This is also similar to the old idea of Classicism vs. Romanticism (or, Apollonian vs. Dionysian). The theory is that throughout history, there is a constant alternation between two approaches to art.

On the one hand, we have Classical or Apollonian periods wherein formal elements such as line, color, balance, and proportion are lifted up as the essential aspects of artistic expression. This focuses on the abstract and shies away from things like social context or subjectivity. Under this approach, emotion is said to be induced in the listener or viewer by the work of art.

On the other hand, we have the Romantic or Dionysian periods wherein the focus is placed on the emotional aspects of the work of art and lack of perfect balance is preferred to absolute balance. Emotion, in the context of a Romantic period, is said to be present in the work. Subjectivity and social context are the order of the day.

In so-called "serious" (read: academic) art, the 20th century up until the 1970s is considered to have been a Classical period. It is believed that we are progressing toward a Romantic period as I write this.

While this may hold true for academic art (which is in quite a stunted state of growth), I believe the "real" Classical/Romantic alternation has shifted to popular culture. Every decade or so, we get a shift and every two decades is a full cycle. For example, the 1950s, 1970s, and 1990s were all Classical periods while the 1960s, 1980s, and upcoming 2000s are Romantic periods. If you remember, the 1970s revived music and social fashion of the 1950s (albeit, in somewhat modified form) and the 1990s did the same for the 1970s. Likewise, the 1980s reacted against the 1970s by reviving the music and culture of the 1960s.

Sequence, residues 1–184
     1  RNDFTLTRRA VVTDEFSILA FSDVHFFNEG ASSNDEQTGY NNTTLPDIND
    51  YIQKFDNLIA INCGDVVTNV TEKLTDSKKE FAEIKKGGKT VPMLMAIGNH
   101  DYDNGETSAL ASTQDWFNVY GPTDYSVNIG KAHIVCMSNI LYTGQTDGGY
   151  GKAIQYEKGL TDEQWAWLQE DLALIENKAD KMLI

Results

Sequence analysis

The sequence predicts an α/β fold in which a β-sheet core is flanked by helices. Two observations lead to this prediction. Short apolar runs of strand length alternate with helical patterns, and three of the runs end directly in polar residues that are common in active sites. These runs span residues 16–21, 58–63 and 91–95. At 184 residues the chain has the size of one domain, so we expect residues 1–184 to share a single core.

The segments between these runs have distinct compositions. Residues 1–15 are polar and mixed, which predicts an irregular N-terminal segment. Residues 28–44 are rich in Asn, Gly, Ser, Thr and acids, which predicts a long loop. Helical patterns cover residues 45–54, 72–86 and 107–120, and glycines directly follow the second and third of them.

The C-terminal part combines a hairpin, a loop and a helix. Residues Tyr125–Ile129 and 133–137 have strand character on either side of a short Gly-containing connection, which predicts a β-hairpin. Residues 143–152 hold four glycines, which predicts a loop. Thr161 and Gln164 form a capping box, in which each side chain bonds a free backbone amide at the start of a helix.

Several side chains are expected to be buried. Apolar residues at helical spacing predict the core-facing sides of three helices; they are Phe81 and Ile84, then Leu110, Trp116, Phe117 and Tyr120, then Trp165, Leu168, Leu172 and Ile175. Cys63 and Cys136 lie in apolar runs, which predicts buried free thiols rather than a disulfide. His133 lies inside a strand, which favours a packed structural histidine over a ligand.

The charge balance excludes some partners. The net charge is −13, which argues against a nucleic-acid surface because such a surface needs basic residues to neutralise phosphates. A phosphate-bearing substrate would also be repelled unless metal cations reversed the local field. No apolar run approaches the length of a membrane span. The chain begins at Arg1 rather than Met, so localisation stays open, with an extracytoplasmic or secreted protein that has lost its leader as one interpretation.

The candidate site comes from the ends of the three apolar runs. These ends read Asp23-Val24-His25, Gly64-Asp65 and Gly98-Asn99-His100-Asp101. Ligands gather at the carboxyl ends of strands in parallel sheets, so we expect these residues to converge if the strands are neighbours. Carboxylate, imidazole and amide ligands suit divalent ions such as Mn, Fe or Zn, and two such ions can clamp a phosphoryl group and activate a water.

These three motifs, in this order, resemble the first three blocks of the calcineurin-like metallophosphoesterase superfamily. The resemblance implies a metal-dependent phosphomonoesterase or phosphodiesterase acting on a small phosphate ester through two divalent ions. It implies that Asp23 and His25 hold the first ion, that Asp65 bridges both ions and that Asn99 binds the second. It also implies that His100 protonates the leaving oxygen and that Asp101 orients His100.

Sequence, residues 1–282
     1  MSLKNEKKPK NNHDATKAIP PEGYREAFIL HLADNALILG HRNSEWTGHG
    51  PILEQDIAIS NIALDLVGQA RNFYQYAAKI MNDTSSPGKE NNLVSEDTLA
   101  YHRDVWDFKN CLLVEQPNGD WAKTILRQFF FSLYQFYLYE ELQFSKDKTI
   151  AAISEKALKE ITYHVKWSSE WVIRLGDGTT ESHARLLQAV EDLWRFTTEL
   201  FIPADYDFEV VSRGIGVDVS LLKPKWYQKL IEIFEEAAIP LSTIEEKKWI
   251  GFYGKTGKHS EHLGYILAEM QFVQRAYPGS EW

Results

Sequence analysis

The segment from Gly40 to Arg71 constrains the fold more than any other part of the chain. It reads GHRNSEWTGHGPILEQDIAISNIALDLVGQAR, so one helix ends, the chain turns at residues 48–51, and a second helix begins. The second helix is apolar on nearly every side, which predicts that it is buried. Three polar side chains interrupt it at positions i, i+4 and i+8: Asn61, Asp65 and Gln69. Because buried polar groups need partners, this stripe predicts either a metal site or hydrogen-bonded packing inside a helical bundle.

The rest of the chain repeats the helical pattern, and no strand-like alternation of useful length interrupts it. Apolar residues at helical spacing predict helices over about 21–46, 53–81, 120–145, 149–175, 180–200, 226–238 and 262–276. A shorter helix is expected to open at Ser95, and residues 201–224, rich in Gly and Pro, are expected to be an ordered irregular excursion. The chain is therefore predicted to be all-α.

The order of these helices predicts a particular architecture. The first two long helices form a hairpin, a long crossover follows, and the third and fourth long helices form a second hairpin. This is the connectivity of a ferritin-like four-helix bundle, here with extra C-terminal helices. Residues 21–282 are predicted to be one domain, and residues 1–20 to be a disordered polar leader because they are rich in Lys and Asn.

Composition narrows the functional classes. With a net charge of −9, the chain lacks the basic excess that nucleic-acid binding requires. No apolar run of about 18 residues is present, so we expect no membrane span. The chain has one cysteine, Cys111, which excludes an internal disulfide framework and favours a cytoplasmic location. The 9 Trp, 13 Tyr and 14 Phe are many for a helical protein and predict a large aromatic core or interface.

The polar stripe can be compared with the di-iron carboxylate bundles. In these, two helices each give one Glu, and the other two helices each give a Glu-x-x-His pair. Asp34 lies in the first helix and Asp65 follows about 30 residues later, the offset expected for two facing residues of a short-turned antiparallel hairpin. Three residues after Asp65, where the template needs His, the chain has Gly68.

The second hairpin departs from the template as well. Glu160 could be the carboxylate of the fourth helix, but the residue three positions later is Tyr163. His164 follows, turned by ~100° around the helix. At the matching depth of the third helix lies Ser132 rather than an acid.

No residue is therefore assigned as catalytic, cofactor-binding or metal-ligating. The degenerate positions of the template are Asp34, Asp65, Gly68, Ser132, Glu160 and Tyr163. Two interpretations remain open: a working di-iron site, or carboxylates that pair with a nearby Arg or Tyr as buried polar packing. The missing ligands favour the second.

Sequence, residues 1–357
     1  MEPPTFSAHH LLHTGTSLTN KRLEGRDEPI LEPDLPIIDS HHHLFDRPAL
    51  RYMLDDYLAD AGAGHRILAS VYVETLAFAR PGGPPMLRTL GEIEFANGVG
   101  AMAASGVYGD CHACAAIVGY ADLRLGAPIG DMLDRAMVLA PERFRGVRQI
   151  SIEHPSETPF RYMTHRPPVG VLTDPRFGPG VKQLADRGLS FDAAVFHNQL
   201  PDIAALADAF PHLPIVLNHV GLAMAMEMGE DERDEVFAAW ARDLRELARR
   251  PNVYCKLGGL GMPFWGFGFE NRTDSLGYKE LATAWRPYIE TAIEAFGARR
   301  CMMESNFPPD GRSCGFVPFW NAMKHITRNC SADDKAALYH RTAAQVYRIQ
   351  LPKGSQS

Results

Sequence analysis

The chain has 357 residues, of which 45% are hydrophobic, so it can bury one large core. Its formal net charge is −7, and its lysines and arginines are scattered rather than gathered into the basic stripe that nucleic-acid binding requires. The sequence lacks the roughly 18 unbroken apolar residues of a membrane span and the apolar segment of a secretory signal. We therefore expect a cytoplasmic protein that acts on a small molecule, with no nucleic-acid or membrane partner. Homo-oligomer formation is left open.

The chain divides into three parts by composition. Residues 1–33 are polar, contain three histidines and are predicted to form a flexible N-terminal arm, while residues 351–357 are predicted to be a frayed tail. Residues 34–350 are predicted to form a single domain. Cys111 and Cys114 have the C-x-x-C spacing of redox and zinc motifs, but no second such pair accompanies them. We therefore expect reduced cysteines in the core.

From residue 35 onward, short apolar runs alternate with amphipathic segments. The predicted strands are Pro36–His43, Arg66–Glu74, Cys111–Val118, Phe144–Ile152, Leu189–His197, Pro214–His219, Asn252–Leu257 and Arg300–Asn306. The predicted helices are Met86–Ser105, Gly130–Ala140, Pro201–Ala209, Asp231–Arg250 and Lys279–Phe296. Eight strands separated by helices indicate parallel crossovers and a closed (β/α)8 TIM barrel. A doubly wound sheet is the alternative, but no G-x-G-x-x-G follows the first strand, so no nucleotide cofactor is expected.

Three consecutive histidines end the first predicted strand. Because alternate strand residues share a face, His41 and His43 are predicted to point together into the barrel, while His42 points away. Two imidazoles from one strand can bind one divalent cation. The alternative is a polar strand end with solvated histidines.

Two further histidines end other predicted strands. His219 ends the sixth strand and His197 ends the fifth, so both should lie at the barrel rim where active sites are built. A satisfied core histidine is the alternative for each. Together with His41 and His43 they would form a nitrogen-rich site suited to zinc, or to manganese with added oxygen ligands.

Academics largely refuse to believe that popular culture is now the "real" culture to be examined and that the traditions carried on by academia from the old European world of the 19th century are obsolete. Mass communications have had an enormous effect on the speed of Classical/Romantic alternations and this can be seen in popular culture but not in academic culture because academic culture is pedantic and artificial.